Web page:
PLOS ONE | VOL. 12
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33 million year old Myotis (Chiroptera, Vespertilionidae) and the rapid global radiation of modern bats

Publication Date Mar 8, 2017

Abstract

The bat genus Myotis is represented by 120+ living species and 40+ extinct species and is found on every continent except Antarctica. The time of divergence of Myotis has been contentious as has the time and place of origin of its encompassing group the Vespertilionidae, the most diverse (450+ species) and widely distributed extant bat family. Fossil Myotis species are common, especially in Europe, beginning in the Miocene but earlier records are poor. Recent study of new specimens from the Belgian early Oligocene locality of Boutersem reveals the presence of a relatively large vespertilionid. Morphological comparison and phylogenetic analysis confirms that the new, large form can be confidently assigned to the genus Myotis, making this record the earliest known for that taxon and extending the temporal range of this extant genus to over 33 million years. This suggests that previously published molecular divergence dates for crown myotines (Myotis) are too young by at least 7 million years. Additionally, examination of first fossil appearance data of 1,011 extant placental mammal genera indicates that only 13 first occurred in the middle to late Paleogene (48 to 33 million years ago) and of these, six represent bats, including Myotis. Paleogene members of both major suborders of Chiroptera (Yangochiroptera and Yinpterochiroptera) include extant genera indicating early establishment of successful and long-term adaptive strategies as bats underwent an explosive radiation near the beginning of the Early Eocene Climatic Optimum ...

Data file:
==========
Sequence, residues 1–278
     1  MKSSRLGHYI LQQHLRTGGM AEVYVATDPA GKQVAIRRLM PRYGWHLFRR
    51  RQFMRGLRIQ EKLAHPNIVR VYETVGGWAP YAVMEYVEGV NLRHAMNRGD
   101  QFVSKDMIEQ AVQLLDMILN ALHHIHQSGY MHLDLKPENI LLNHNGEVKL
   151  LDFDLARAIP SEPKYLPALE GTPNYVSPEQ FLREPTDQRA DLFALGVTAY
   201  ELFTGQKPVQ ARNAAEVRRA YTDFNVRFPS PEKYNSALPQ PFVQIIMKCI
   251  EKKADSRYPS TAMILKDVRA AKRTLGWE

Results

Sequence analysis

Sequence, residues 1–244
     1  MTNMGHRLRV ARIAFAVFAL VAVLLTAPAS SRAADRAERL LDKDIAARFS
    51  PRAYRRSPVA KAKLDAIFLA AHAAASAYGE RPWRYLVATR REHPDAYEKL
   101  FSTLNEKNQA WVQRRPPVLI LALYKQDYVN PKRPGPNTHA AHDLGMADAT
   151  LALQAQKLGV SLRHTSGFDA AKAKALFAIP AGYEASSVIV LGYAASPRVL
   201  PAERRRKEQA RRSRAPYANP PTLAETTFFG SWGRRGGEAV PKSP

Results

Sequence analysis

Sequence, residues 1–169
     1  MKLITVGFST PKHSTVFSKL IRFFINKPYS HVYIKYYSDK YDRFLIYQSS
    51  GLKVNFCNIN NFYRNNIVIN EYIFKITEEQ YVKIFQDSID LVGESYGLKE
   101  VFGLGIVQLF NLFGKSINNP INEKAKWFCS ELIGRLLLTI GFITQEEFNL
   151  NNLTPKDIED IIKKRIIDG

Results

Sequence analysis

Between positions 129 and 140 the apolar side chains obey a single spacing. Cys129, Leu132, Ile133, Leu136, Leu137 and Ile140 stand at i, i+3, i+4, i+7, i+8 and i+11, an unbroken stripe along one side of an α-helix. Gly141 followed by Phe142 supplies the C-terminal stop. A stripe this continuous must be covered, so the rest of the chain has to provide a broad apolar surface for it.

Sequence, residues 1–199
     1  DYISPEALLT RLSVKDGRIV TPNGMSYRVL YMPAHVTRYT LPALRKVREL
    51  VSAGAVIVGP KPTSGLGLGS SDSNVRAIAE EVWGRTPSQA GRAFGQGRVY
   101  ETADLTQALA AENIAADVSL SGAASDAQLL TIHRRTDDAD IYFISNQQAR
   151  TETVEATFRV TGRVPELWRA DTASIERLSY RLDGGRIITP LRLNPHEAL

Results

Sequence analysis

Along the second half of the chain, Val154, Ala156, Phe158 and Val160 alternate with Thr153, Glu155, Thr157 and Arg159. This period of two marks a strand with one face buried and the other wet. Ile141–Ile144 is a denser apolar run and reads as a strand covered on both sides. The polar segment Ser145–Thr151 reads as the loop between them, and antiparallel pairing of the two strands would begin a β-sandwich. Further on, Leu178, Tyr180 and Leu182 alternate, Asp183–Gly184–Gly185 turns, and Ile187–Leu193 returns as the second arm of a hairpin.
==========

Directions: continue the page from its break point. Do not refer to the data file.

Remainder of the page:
Concepts
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Mid-Miocene Climatic Optimum
Long-term Adaptive Strategies
Genus Myotis
Extant Genera
Climatic Optimum
Successful Adaptive Strategies
Morphological Comparison
Extant Mammal
Extinct Species
Extant Family

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